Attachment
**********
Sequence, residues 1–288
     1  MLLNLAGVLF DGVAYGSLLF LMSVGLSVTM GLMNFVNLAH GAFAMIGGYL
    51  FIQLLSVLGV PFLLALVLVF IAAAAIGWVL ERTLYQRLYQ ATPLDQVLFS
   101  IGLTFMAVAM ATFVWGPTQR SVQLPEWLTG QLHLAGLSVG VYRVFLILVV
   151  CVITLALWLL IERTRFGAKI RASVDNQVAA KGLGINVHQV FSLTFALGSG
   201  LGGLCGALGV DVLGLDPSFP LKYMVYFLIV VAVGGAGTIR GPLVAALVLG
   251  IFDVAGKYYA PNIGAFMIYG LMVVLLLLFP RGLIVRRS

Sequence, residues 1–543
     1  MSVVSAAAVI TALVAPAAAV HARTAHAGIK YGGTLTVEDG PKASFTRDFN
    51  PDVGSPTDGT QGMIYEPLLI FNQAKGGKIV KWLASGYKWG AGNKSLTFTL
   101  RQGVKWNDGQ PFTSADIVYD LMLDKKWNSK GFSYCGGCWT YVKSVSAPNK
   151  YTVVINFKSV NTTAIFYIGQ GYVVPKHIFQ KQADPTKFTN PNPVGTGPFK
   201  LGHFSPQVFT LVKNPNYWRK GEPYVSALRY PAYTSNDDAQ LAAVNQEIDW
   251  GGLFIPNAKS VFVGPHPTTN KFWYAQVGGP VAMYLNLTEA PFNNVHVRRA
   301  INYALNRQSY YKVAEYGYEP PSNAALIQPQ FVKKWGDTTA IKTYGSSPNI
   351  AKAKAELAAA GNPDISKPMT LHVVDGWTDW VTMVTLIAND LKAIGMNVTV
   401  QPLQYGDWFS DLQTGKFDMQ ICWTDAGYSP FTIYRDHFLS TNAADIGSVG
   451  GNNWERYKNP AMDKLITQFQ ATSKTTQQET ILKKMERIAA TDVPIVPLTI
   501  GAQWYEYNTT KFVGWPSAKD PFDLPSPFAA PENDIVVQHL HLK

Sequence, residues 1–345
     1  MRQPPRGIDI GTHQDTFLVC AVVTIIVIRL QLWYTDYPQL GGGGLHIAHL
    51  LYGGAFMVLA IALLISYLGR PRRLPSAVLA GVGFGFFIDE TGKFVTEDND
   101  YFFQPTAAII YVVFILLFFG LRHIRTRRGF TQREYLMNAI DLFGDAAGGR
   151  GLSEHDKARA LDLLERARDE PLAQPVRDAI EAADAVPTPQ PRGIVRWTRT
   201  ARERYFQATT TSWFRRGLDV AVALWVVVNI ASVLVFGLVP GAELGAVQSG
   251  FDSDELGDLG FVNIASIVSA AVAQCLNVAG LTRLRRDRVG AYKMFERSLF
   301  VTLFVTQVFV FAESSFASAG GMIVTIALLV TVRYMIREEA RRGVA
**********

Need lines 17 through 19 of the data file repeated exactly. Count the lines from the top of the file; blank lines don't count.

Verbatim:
   401  QPLQYGDWFS DLQTGKFDMQ ICWTDAGYSP FTIYRDHFLS TNAADIGSVG
   451  GNNWERYKNP AMDKLITQFQ ATSKTTQQET ILKKMERIAA TDVPIVPLTI
   501  GAQWYEYNTT KFVGWPSAKD PFDLPSPFAA PENDIVVQHL HLK